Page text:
Moving Forward Incrementally – The G20 Continues

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Finance Ministers and Central Bankers G20 Meeting Moscow July 2013

Finance Ministers and Central Bankers Moscow July 2013 Image Credit: x.dawn.com

The Finance Ministers and Central Bankers of the G20 met as scheduled in Moscow at the end of the week.  This periodic meeting is just a part, though a key part, of the “iceberg” that is global summitry today.  A fascinating factoid – this meeting of “finance” officials does not generally include the central bank officials when it gathers at the actual G20 Leaders Summit.  Given the key role that central bankers have been playing in trying to “right” the global economy, that probably should come to an end.  But in any case their communiqué underlined the Iceberg Theory that I and others have identified for some time.

Many experts including many in the media focus their attention on the Leaders Summits themselves and seldom venture further down the iceberg.   But taking the plunge enables one to see the global governance process working away.  It certainly isn’t very “sexy” and dwells often in a bureaucratic and transgovernmental regulatory world.  But it is where often the hard work is being done.  And in this meeting a number of important reports were identified that are making their way to to the Leaders scheduled to meet in St. Petersburg on September 5th and 6th.

But just before I go there, the tenor of the communiqué is clear – the global economic policy is about growth and jobs – austerity has been downgraded.  We have come a long way from the Toronto Summit where President Obama urged continuing stimulus.  He was all but ignored by leaders from Germany, Canada and the UK urging fiscal consolidation.  That no longer appears to be the case.  As Ministers urged in this communiqué:

4. To place the global economy on a stronger, more sustainable and more balanced path, we will intensify our policy actions and develop a comprehensive St. Petersburg Action Plan.  We agreed that our near term priority is to boost jobs and growth.

So there will be an Action Plan in St. Petersburg that will likely make recommendations on medium-term fiscal and economic policy and will likely examine needed structural economic reform to improve productivity, labor force participation and employment.  But meanwhile the immediate path is jobs and growth.

Also front and center was a report from the OECD, endorsed by the ministers in Moscow.  This Report (Base Erosion and Profit Shifting) examines multinational tax-minimization strategies.  The plan to presented apparently at St. Petersburg will recommend 15 new principles for nations to adopt.  Among the principles apparently will be rules that would stop companies from deducting debt in high-taxing states where the interest receipts are not taxed elsewhere using special company vehicles that funnel money to tax havens.

What else did the communiqué identify including tasks and reports by various organizations that could find its way to a later Minister’s gathering and possibly to a Leaders Summit?  Some include:

  1. The IMF and the World Bank are reviewing and updating the “Guidelines for Public Debt Management”;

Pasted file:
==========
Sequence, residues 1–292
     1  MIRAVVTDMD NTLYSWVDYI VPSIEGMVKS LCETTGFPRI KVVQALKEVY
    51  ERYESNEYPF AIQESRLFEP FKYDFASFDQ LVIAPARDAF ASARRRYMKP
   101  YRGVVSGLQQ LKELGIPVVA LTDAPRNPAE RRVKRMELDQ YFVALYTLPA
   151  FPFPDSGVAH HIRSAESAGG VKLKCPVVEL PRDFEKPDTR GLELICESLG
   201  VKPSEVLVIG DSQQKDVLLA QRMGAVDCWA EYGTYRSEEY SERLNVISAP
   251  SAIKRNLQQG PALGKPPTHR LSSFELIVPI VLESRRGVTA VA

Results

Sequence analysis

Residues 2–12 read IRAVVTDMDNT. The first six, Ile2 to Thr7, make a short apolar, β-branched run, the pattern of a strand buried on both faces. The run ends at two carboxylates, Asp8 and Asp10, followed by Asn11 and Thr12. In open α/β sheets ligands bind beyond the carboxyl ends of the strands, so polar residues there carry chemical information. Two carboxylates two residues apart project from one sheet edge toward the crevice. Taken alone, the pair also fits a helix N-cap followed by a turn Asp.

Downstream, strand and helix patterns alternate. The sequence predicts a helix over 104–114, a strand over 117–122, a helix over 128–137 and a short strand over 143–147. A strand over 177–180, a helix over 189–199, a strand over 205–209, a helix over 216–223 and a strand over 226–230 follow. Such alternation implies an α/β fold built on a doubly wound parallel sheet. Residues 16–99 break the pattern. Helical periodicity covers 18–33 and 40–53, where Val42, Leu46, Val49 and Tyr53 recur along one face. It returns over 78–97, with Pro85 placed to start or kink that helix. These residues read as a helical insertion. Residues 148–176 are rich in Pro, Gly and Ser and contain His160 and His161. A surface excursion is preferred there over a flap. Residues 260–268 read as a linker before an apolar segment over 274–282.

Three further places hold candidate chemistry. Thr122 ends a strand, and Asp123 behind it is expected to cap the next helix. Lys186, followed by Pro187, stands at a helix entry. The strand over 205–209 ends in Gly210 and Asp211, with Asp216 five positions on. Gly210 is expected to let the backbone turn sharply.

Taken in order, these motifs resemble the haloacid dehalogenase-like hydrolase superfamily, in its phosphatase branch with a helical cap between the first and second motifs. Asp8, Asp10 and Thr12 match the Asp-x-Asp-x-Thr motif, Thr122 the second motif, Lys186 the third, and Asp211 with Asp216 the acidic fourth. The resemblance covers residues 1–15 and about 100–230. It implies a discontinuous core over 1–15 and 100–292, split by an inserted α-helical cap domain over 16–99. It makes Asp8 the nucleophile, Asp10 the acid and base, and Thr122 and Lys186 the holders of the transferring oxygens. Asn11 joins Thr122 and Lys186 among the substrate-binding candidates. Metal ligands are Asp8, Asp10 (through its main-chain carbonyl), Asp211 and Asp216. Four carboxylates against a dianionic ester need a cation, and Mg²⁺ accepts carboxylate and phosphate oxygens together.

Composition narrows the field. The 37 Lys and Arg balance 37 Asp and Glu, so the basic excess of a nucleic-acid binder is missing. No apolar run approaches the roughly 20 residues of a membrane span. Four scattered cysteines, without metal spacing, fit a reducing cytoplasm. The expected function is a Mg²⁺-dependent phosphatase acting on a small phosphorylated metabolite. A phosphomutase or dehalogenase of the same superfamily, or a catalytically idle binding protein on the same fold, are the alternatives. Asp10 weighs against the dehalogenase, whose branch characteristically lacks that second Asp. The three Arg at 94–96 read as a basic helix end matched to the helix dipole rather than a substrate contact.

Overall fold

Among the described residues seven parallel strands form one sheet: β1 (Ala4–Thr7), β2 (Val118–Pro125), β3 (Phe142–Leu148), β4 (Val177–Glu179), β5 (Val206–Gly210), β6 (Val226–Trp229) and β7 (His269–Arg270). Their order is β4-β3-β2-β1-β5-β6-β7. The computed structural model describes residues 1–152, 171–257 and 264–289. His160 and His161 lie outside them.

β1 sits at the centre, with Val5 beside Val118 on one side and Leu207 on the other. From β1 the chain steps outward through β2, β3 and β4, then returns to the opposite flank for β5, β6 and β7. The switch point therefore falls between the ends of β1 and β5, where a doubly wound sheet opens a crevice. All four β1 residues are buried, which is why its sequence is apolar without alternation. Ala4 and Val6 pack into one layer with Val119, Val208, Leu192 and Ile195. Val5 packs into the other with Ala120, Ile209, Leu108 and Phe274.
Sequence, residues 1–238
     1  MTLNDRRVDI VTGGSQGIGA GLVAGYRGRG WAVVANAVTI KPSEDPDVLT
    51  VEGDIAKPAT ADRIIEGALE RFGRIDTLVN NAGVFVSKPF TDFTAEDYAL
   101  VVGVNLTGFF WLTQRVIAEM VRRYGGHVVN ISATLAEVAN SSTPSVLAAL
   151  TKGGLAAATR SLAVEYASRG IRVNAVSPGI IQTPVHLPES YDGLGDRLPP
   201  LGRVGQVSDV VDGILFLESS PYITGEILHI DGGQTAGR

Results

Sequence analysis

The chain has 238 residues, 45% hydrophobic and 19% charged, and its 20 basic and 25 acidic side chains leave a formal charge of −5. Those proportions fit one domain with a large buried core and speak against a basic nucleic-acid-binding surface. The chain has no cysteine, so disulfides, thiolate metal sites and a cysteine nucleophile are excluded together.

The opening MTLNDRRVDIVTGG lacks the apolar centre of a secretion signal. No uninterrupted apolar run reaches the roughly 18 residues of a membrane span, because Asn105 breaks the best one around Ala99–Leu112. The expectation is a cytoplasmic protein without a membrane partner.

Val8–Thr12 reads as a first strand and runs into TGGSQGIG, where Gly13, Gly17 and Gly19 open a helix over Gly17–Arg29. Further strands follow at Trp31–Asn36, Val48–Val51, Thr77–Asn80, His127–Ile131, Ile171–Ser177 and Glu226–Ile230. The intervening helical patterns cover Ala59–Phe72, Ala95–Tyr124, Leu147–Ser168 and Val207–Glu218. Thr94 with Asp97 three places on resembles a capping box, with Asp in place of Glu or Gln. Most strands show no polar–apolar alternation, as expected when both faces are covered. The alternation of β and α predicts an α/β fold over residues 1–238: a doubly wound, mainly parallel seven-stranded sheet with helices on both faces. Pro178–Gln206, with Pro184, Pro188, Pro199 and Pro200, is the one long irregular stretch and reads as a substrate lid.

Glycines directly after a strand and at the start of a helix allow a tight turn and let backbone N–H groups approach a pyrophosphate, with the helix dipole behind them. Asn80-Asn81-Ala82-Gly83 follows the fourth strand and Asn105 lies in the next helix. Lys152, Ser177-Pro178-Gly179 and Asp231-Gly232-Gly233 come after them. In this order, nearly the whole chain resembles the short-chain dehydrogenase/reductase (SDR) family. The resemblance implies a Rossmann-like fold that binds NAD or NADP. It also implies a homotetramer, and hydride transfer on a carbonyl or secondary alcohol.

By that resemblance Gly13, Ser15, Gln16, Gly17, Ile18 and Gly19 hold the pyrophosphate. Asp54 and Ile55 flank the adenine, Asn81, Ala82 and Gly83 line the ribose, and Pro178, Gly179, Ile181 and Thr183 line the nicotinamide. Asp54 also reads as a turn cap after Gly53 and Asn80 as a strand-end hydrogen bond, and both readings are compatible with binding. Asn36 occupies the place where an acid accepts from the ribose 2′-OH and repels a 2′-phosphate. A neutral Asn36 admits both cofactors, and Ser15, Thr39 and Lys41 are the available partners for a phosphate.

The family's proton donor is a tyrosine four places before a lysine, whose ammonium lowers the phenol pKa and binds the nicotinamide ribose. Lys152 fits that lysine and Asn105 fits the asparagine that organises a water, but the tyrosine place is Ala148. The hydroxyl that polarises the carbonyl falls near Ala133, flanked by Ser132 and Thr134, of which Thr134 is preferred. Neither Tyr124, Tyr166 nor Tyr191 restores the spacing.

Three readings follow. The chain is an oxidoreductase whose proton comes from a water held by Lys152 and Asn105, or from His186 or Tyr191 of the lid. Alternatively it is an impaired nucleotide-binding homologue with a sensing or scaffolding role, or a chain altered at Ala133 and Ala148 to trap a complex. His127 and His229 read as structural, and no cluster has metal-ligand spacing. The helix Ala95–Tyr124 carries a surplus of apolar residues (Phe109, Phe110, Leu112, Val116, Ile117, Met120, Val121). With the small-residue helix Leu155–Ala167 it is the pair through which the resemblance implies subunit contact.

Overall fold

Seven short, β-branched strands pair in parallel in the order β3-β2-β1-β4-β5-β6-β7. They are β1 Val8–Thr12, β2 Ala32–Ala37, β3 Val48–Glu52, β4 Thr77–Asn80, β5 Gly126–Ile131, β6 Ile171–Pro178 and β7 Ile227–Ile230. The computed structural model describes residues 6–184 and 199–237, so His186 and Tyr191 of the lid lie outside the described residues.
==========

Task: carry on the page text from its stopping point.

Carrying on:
2. An OECD interim report on leading practices for raising, managing and retiring public debt, including on state guarantees, by the next minister’s meeting;
  3. OECD proposals for tax transparency with the object of providing a new single global standard for automatic exchange of information.  Work is to be completed by 2014;
  4.  The completion of a Report by the Basel Committee on Banking Supervision (BCBS) to assess the consistency of jurisdictions’ rules with respect to Basel III;
  5. The Financial Stability Board (FSB) will report at St. Petersburg Summit on the progress and next steps towards addressing the “too big to fail” issue.
  6. For the Australia Summit (November 2014) the International Association of Insurance Supervisors (IAIS) and the FSB are tasked to complete their work on capital requirements for the sector.  The FSB has just recently produced the initial list of Global Systemically Important Insurers (G-SII);
  7. A report by September from key regulators on implementing OTC derivatives reforms especially concerning cross-border issues;
  8. Further FSB recommendations for the Leaders’ Summit for the oversight and regulation of the shadow banking system;
  9. Outcomes from a G20 high-level seminar on benchmarks and credit rating agencies (CRAs).  A progress report for St. Petersburg is expected from the FSB designed to reduce reliance on CRA ratings;
  10. A Report to Leaders on possible improvements to transparency and functioning of commodity markets to prevent excessive price volatility; and
  11. Reporting to leaders on discussions for climate financing and ways to mobilize resources and to propose ways forward.

So much work is being done down in the iceberg to resolve the many issues that were identified at the time of the global financial crisis.  Some clearly will be implemented; some may not.  What is critical is to follow the path to determine how much coordination nationally is achieved by these efforts.  Effectiveness at the global governance level is dependent on the national level.  That is global summitry today.  

 

 

 

 

 

 

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